- Migraine with aura: Migraine with Aura refers to a range of neurological disturbances that occur before the headache begins, usually lasting about 20-60 minutes.
Symptoms of migraine vary and also depend on the type of migraine. A migraine has four stages: prodrome, aura, headache and postdrome. But it is not necessary that all the migraine sufferers experience all the four stages.
Prodrome: The signs of this begin to appear a day or two days before the headache starts. The signs include depression, constipation, food cravings, irritability, uncontrollable yawning, neck stiffness and hyperactivity.
Migraine Aura: Auras are a range of symptoms of the central nervous system. These might occur much before or during the migraine, but most people get a migraine without an aura. Auras usually begin gradually and increase in intensity. They last for an hour or even longer and are:
- Visual: Seeing bright spots, various shapes, experiencing vision loss, and flashes of light
- Sensory: Present in the form of touch sensations like feeling of pins and needles in the arms and legs
- Motor: Usually related with the movement problems like the limb weakness
- Verbal: It is related with the speech problems
Headache: In case of a migraine attack one might experience:
- Pain on both sides or one side of the head
- Pain is throbbing in nature
- Vomiting and nausea
- Sensitivity to smells, sound and light
- Vision is blurred
- Fainting and lightheadedness
Postdrome: This is the final phase of the migraine. During this phase one might feel fatigued, though some people feel euphoric.
Red flags that the patient may be having underlying serious disorder not migraine
- Onset of headaches >50 years
- Thunderclap headache - subarachnoid haemorrhage
- Neurological symptoms or signs
- Immunosuppression or malignancy
- Red eye and haloes around lights - acute angle closure glaucoma
- Worsening symptoms
- Symptoms of temporal arteritis
These patients require CT scan / MRI or CSF examination. Most Migraine patients do not need these tests.
Diagnosis of Migraine: Usually migraines go undiagnosed and thus are untreated. In case you experience the symptoms regularly then talk to the doctor, who evaluates the symptoms and can start a treatment. You can also be referred to a neurologist who is trained to treat the migraines and other conditions. During the appointment the neurologist usually asks about the family history of headaches and migraines along with your symptoms and medical history.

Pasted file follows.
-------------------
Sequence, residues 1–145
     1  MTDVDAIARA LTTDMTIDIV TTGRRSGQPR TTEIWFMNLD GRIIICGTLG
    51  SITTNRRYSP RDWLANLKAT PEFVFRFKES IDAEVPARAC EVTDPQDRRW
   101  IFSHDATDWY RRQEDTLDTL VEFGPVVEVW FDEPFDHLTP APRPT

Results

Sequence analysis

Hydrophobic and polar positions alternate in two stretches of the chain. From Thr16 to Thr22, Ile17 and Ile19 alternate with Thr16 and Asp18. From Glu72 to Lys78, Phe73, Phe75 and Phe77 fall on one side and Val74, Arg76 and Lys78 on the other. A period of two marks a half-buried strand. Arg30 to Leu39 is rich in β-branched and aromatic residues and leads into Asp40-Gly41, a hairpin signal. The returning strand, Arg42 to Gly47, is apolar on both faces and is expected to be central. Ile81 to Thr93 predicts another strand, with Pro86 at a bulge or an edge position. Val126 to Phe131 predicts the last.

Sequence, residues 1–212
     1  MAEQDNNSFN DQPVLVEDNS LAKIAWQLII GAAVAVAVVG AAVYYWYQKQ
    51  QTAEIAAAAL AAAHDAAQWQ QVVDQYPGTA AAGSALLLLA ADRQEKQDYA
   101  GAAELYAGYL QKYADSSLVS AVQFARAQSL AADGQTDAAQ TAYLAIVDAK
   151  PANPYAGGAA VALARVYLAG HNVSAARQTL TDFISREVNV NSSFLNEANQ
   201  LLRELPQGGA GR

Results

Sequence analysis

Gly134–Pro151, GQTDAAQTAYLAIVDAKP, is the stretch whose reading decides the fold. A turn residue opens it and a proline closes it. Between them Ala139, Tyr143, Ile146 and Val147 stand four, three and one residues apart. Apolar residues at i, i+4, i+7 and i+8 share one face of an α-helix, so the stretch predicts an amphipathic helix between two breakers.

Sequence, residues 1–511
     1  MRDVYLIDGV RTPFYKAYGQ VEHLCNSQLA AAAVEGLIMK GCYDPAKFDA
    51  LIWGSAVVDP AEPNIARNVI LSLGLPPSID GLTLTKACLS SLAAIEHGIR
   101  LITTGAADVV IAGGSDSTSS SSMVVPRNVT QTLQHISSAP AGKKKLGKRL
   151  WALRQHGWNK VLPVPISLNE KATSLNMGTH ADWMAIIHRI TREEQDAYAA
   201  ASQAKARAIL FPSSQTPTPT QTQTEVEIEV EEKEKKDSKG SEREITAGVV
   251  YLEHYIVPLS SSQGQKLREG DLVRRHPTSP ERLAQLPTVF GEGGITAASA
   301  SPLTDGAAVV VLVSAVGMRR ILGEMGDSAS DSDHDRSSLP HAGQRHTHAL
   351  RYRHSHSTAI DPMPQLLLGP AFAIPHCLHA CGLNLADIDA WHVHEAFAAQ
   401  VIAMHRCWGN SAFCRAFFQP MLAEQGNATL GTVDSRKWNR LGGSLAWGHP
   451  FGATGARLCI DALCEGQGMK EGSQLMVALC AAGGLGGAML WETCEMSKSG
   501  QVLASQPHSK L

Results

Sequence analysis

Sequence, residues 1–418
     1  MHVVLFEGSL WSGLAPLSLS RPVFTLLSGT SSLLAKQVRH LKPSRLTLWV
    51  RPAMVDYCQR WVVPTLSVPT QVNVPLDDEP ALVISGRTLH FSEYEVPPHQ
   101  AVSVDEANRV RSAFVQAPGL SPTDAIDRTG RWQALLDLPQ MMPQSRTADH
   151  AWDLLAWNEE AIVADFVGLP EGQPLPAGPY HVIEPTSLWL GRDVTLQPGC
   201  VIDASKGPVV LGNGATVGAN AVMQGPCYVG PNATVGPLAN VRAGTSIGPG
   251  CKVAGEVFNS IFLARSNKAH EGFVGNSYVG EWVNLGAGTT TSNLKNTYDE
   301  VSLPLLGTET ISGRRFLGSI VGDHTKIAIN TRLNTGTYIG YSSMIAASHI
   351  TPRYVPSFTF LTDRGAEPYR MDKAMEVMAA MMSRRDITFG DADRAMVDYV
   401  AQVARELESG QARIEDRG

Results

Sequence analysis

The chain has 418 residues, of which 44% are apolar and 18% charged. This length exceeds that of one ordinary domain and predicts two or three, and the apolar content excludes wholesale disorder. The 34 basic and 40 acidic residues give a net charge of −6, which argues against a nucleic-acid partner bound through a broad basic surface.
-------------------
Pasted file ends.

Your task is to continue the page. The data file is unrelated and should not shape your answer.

The doctor might advise for some tests like:
- Blood Tests: These reveal problems with the blood vessel like an infection in the spinal cord and brain.
- CT scan: Used to diagnose the infections, tumors, brain damage, and bleeding that cause the migraines.
- MRI: This helps to diagnose the tumors bleeding infections, neurological conditions, and strokes.
- Lumbar Puncture: For analyzing infections and neurological damages. In lumbar puncture a thin needle is inserted between the two vertebrae to remove a sample of the cerebrospinal fluid for analysis.
Migraine treatments can help stop symptoms and prevent future attacks.
Many medications have been designed to treat migraines. Some drugs often used to treat other conditions also may help relieve or prevent migraines. Medications used to combat migraines fall into two broad categories:
- Pain-relieving medications. Also known as acute or abortive treatment, these types of drugs are taken during migraine attacks and are designed to stop symptoms.
- Preventive medications. These types of drugs are taken regularly, often on a daily basis, to reduce the severity or frequency of migraines.
Your treatment strategy depends on the frequency and severity of your headaches, the degree of disability your headaches cause, and your other medical conditions.
Some medications aren't recommended if you're pregnant or breast-feeding. Some medications aren't given to children. Your doctor can help find the right medication for you.
In case you have a concern or query you can always consult an expert & get answers to your questions!
Natural home remedies for Insomnia
Insomnia can become a real nightmare as the clock ticks on into the night and you ’re awake to notice. Try these natural approaches to help you get some rest
Before- bed bites
• Have a slice of turkey or chicken , or a banana before heading to bed . These foods contain tryptophan , an amino acid that ’s used to make serotonin . And serotonin is a brain chemical that helps you sleep .
• Carbohydrates help trytophan enter the brain. Try a glass of warm milk (milk contains tryptophan ) and a cookie , or warm milk with a spoonful of honey .
• Avoid big meals late in the evening. You need three to four hours to digest a big meal.